Human History Facts

The women of the Tiwi tribe in the South Pacific are married at birth.

When Albert Einstein died, his final words died with him. The nurse at his side didn’t understand German.

St Patrick, the patron saint of Ireland, was not Irish.

The lance ceased to be an official battle weapon in the British Army in 1927.

St. John was the only one of the 12 Apostles to die a natural death.

Many sailors used to wear gold earrings so that they could afford a proper burial when they died.

Some very Orthodox Jew refuse to speak Hebrew, believing it to be a language reserved only for the Prophets.

A South African monkey was once awarded a medal and promoted to the rank of corporal during World War I.

Born 4 January 1838, General Tom Thumb’s growth slowed at the age of 6 months, at 5 years he was signed to the circus by P.T. Barnum, and at adulthood reached a height of only 1 metre.

Because they had no proper rubbish disposal system, the streets of ancient Mesopotamia became literally knee-deep in rubbish.

The Toltecs, Seventh-century native Mexicans, went into battle with wooden swords so as not to kill their enemies.

China banned the pigtail in 1911 as it was seen as a symbol of feudalism.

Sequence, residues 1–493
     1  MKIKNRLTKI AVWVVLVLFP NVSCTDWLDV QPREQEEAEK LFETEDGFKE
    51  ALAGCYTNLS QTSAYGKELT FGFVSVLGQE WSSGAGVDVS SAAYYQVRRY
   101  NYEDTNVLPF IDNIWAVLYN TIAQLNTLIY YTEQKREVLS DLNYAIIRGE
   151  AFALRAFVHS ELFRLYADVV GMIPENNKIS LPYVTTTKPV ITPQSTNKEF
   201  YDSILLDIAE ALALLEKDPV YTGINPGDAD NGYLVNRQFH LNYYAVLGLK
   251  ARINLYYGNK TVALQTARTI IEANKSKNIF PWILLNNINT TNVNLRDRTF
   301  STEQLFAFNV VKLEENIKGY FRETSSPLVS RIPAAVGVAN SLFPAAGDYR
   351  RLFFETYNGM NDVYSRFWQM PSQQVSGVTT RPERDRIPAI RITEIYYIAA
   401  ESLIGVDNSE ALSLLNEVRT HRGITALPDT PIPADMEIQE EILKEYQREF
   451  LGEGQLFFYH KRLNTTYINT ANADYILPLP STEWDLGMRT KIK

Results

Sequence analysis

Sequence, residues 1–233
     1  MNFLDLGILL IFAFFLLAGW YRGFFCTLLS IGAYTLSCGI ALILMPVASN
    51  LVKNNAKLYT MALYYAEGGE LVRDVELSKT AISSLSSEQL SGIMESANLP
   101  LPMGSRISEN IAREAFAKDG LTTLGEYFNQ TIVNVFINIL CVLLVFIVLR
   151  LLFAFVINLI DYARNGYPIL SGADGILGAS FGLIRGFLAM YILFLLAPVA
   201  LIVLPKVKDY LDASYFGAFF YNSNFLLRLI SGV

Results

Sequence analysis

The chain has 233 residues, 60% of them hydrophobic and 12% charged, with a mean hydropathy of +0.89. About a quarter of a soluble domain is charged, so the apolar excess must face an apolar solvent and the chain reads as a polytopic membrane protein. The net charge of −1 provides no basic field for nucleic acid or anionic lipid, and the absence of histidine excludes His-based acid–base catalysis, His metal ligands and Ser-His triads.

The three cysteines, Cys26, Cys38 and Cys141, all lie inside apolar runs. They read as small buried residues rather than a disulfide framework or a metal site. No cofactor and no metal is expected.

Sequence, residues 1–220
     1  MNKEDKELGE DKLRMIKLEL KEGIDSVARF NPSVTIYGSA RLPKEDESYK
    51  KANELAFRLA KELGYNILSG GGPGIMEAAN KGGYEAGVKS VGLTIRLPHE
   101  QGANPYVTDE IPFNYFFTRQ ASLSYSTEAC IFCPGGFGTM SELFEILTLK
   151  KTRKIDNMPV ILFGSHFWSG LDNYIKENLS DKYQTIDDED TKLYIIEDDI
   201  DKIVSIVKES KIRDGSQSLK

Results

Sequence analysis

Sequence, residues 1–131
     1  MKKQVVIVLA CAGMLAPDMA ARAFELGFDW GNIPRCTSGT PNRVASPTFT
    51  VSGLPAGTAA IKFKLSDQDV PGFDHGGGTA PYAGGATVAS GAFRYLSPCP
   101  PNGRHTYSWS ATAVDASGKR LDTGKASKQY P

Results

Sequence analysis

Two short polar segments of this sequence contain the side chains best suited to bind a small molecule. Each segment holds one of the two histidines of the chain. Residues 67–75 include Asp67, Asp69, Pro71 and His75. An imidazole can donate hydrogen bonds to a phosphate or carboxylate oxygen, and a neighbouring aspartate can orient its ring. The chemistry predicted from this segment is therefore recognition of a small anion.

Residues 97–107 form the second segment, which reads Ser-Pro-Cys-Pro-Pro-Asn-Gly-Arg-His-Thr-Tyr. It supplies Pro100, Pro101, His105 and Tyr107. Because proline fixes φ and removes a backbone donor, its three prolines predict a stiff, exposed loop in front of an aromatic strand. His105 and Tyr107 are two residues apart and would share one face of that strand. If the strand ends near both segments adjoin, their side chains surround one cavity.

The Amayra guides of Bolivia are said to be able to keep pace with a trotting horse for a distance of 100 kilometres.

Sliced bread was patented by a jeweller, Otto Rohwedder, in 1928. He had been working on it for 16 years, having started in 1912. 

Before it was stopped by the British, it was the not uncommon for women in some areas of India to choose to be burnt alive on their husband’s funeral pyre.

Ivan the terrible claimed to have ‘deflowered thousands of virgins and butchered a similar number of resulting offspring’.

Before the Second World War, it was considered a sacrilege to even touch an Emperor of Japan.

An American aircraft in Vietnam shot itself down with one of its own missiles.

The Anglo-Saxons believed Friday to be such an unlucky day that they ritually slaughtered any child unfortunate enough to be born on that day.

During the eighteenth century, laws had to be brought in to curb the seemingly insatiable appetite for gin amongst the poor. Their annual intake was as much as five million gallons.

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